Effect of reducing the R number through social distancing measures: If the R number falls below 1, the number of Covid-19 cases will dropAdapted from Wikimedia

There are a number of places across the world that have been described as having or being close to herd immunity, often by somewhat questionable sources, and have subsequently faced another COVID-19 wave: London (Daily Express, 3 December 2020), the whole UK (9news, 11 August 2020), “parts of New York, London and Mumbai” (New York Times, 17 August 2020), Stockholm (CNBC, 22 April 2020), Manaus (The Conversation, 29 September 2020). That makes any such prediction rather risky.


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If I had to guess as to a location that may be close to herd immunity, though, I would pick North and South Dakota. More than 12% of the population of each state has had a positive COVID-19 test, rising to 15% of people in Bismarck, the capital of North Dakota; almost 1 in 500 people there have died. This is probably a massive underestimate (South Dakota had a positivity rate of nearly 60% in November). Both states have had limited COVID-19 restrictions; neither ordered a lockdown in March, while Kristi Noem, the governor of South Dakota boasted in a Wall Street Journal article that she hadn’t issued a mask mandate or forced businesses to close. Yet cases in both have been dropping since November.

How are COVID-19 deaths measured?

There are two main measures of COVID-19 deaths used in the UK. One figure, used more commonly, counts the number of people who have died within 28 days of testing positive for COVID-19. The other figure measures the number of deaths where COVID-19 was mentioned on the death certificate, which includes people who were suspected to have had the disease and is therefore slightly higher.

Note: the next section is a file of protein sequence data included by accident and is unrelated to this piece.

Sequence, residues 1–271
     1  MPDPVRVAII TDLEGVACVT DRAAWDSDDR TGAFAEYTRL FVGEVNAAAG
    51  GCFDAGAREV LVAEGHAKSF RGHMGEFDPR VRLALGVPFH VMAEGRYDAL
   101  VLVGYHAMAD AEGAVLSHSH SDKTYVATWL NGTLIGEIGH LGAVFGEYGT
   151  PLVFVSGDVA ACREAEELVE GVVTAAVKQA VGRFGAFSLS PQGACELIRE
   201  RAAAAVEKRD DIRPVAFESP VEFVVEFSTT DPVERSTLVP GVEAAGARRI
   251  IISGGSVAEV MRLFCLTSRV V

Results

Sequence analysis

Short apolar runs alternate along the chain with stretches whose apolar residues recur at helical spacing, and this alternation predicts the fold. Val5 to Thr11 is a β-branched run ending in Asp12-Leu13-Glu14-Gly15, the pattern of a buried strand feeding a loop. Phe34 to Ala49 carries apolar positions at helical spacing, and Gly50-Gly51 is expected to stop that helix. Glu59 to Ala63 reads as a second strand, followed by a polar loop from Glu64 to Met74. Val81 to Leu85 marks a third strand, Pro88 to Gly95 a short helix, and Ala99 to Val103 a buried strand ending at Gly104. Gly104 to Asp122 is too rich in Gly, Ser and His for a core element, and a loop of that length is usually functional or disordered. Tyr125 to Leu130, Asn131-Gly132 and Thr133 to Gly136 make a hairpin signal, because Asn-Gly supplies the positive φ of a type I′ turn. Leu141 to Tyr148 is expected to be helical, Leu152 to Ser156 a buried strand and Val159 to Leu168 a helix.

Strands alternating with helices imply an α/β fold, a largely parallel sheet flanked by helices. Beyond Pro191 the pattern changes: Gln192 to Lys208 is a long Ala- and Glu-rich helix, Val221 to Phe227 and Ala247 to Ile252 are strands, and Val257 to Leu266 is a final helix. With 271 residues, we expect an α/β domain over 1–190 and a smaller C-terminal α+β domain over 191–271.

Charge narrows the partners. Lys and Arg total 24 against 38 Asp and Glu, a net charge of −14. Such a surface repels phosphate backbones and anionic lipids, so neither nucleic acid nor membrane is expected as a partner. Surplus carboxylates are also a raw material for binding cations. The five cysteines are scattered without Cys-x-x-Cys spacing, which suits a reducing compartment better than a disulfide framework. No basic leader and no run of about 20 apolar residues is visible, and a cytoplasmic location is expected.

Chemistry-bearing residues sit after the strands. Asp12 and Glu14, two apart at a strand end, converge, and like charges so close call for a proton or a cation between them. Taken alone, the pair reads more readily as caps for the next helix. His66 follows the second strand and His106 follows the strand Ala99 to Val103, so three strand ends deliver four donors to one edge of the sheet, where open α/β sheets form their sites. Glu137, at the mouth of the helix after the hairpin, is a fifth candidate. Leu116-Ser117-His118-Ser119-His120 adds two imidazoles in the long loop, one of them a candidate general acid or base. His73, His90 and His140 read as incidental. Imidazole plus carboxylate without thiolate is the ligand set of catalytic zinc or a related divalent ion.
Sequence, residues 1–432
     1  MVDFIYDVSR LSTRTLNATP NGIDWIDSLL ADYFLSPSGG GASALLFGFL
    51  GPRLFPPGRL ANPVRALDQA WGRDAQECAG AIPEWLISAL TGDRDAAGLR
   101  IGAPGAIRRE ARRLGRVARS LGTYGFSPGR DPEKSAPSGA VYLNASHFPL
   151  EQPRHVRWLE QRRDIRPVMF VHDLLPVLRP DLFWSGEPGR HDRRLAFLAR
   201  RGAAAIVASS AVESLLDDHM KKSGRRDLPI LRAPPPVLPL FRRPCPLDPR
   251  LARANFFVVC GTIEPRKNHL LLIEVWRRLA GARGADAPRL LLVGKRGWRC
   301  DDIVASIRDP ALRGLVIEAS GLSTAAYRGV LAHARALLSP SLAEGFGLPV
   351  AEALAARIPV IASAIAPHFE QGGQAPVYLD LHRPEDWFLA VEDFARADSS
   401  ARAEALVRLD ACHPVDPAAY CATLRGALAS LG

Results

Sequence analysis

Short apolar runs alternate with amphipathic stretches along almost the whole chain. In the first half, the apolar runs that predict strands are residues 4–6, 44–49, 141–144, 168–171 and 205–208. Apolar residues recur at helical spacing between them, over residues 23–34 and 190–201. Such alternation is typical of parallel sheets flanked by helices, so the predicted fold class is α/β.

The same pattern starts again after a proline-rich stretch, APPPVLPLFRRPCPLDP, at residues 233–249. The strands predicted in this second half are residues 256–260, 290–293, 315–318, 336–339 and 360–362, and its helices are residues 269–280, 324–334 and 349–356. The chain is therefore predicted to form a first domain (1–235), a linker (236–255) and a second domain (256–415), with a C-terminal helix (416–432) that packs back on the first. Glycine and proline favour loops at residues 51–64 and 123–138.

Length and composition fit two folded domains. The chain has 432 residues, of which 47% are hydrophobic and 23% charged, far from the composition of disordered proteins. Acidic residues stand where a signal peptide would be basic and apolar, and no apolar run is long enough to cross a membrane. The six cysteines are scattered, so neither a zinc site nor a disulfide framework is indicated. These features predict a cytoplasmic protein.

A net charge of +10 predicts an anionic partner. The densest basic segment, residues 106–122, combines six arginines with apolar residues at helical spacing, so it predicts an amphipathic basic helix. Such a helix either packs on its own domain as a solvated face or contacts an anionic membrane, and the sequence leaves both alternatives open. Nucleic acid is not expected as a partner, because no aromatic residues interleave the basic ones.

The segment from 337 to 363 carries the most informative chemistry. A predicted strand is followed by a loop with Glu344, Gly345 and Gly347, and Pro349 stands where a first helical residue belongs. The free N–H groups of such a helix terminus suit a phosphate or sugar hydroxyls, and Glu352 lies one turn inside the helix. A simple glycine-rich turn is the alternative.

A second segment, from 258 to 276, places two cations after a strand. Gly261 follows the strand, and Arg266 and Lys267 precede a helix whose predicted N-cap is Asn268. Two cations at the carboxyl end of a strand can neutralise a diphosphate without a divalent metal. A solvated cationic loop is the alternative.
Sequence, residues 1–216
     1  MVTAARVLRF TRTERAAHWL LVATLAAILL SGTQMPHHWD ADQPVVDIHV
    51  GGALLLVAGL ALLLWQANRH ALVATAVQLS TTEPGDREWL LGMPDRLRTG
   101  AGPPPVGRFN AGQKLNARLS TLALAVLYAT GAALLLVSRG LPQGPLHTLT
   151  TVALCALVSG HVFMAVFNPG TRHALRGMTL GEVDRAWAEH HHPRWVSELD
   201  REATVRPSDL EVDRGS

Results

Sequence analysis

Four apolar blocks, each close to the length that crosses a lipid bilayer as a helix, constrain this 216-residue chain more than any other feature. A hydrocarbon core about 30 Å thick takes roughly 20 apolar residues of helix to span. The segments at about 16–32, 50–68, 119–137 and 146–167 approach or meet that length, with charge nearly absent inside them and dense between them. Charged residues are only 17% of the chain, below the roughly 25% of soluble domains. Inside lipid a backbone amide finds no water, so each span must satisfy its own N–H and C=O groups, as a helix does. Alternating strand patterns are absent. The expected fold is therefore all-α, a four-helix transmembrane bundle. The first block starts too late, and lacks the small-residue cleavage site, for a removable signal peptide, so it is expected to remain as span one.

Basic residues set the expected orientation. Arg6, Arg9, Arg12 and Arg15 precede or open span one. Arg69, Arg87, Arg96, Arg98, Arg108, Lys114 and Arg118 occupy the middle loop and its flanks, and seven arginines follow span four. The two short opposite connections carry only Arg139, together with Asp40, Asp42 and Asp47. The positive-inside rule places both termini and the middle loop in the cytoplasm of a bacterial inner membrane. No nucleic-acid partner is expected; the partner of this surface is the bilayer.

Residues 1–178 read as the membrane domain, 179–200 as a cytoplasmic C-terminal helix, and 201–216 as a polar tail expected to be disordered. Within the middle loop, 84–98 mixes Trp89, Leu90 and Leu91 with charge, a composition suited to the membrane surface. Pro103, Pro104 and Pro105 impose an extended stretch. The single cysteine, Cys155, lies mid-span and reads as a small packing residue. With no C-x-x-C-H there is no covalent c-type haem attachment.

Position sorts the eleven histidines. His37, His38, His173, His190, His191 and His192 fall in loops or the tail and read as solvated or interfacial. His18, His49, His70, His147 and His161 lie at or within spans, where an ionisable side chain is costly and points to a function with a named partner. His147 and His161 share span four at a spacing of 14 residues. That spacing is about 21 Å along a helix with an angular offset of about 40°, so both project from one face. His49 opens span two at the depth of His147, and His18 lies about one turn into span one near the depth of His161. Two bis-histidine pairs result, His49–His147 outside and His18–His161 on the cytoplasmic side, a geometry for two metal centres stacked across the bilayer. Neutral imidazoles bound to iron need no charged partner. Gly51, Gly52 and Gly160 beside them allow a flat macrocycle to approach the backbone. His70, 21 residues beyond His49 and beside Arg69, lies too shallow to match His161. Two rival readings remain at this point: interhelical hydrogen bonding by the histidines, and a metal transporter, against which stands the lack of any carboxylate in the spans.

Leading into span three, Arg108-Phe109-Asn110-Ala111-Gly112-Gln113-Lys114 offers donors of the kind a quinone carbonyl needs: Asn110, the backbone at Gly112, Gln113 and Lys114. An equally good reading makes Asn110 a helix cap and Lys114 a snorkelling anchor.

“The point of the 28-day rule is not that it is a perfect measure, but that it is the best simple estimate available”

What is considered a COVID-19 death in Britain was changed in August 2020, from any death after a positive test to only deaths within 28 days of testing positive. The total number of deaths was reduced by more than 5,000 when this change was made; people who had died months after testing positive, and could have died for unrelated reasons, were removed from the count.

Is it true that someone hit by a car is counted as a COVID-19 death?

This is literally true, but often said in a misleading way to imply that this accounts for a significant proportion of reported COVID-19 deaths. In fact, there were 1,752 road deaths in Great Britain in 2019 – less than 2% of the number of COVID-19 deaths, and therefore the number of people to have died in that way (or indeed in any sort of accident) within 28 days of testing positive is probably 100 or less.

The point of the 28-day rule is not that it is a perfect measure, but that it is the best simple estimate available. Whatever number of days after a positive test we choose, we will exclude some deaths caused by COVID-19 (for example, one man spent four months in a coma because of the disease – though he survived) and include some deaths with unrelated causes. The number 28 was chosen (based on evidence) to try to balance these two effects in order to give an estimate that is as accurate as possible.